However, there were two outstanding points at this spot:

First, I had a swim-by from a beaver. No more than 12 to 15’ in front of me. Very cool.

Second, you can’t stand in waist deep water for very long before your thighs start burning; at least not in April in Alaska.

And let’s not even talk about my toes.


We dropped down to the high bank at the junction of Fish Creek. The place sucks for casting; mostly loopy roll casts with a little extra power at the end to get the weight moving out into the river (if I ever get the hang of spey style casting, this is a spot that I’ll use it) but we finally found a couple of fish. Dennis was first with a really nice rainbow from the head of the bank; I took a smaller Dolly Varden from low in the run. Dennis’s fish took a black Zuddler, mine a nameless conehead leech-style pattern. Both these pattern styles ended up being productive for the rest of the day. It had taken us about three hours and four stops to find fish, but now we were both happy campers.

Next we pulled in below Clear Creek. The Talkeetna is low enough that Clear Creek is running along the right bank for quite distance, and not dumping into the main channel at its normal spot. I did fairly well with a nice fish where the water was starting to mix, on the right side of an in-river bar, that’s usually underwater. But the hole is big and requires some deep wading (think thighs and toes again) and definitely some long casts with the OPST Commando head rigged for my 7wt. Dennis stayed at at the head of the hole/water mix and didn’t get a tap.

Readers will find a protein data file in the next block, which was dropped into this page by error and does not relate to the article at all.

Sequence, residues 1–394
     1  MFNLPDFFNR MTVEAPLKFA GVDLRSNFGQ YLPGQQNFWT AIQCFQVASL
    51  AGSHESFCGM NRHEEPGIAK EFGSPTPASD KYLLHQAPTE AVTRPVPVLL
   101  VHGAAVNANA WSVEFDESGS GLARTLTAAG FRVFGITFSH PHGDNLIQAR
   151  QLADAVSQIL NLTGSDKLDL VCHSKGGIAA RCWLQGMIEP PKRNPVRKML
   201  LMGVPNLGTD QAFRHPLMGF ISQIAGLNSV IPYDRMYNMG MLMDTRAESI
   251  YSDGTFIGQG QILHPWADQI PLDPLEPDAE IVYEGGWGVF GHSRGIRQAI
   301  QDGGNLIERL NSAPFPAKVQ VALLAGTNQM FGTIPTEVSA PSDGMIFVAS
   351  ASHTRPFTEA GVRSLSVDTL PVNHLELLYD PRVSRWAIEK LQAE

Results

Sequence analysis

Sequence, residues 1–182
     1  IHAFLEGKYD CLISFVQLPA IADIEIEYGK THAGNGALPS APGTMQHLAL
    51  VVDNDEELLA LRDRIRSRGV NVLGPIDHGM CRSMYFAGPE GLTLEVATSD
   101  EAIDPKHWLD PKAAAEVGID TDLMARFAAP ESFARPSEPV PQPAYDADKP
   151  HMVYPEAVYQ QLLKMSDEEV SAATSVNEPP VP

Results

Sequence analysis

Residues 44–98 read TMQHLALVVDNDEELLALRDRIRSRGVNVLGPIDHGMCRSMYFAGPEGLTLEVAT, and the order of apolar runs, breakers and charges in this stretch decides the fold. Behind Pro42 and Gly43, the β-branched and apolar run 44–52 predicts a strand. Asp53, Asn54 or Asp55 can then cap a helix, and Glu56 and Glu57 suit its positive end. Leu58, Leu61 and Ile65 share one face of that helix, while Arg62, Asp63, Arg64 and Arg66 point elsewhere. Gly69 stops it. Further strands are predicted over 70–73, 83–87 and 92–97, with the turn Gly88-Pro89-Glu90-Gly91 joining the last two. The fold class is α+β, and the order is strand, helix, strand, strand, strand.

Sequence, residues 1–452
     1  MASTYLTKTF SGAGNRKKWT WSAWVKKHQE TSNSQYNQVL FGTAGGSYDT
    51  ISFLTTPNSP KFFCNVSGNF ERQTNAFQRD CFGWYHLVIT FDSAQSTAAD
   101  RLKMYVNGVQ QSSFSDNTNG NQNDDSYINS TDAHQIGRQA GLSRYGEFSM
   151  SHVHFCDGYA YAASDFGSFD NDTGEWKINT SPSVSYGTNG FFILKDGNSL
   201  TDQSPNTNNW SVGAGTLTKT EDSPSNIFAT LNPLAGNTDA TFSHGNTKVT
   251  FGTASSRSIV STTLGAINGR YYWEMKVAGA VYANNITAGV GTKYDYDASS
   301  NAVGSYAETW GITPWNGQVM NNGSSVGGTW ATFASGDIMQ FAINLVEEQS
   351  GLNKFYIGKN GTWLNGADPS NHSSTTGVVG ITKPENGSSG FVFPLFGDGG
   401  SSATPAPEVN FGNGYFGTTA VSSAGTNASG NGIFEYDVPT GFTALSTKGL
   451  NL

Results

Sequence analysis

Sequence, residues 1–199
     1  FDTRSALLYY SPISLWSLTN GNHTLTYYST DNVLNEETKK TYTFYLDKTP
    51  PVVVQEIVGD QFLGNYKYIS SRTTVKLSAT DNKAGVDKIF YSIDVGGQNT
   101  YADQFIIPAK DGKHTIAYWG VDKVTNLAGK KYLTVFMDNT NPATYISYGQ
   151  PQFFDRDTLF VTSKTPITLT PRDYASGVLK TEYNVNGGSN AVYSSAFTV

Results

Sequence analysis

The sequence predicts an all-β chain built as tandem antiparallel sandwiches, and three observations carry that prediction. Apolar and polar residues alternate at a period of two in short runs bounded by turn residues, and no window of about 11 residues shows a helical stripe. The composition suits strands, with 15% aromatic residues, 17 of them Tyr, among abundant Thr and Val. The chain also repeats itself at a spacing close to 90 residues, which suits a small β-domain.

We then dropped a bit downstream and to the right, where the clear water still runs along a high gravel bank. Both Dennis and I picked up a smaller fish casting our files into the colored water and letting the current swing the fly into the clear flow at the bank.



Our next stop was directly across from the gauging station. There was enough exposed gravel bank on the right to easily pull our rafts up on shore. In the next couple hours Dennis managed to land three fish and lose one. The biggest two fish of the trip came here. The largest was the first, a beautiful 23” rainbow in amazing colors; then a Dolly Varden, then another big Rainbow. All came from basically the same area, but were spread out over the time we spent there. I went fishless and practiced my casting with all three of my rods. (In addition to a 6wt floater and the 7wt Commando head I usually carry, I had brought my 7wt switch rod thinking I’d get some practice on the bigger water. I did, and I need more practice!)


Our next stop was where we did so well last year. But this time instead of a long gravel bank, we were greeted with an even longer sheet of thick ice. We didn’t even wade, just fished from the edge of the ice. The spot is a long, broad run of medium depth. It was matter of a long cast, swing the fly, retrieve up the near shore, three steps down, repeat. After covering about a third of the run I tagged a nice fish under 20”. No net was needed as there as a section of ice with a few inches of water in it. I just swam him up and onto the ice. Hence the really cool fish shot with the reflection.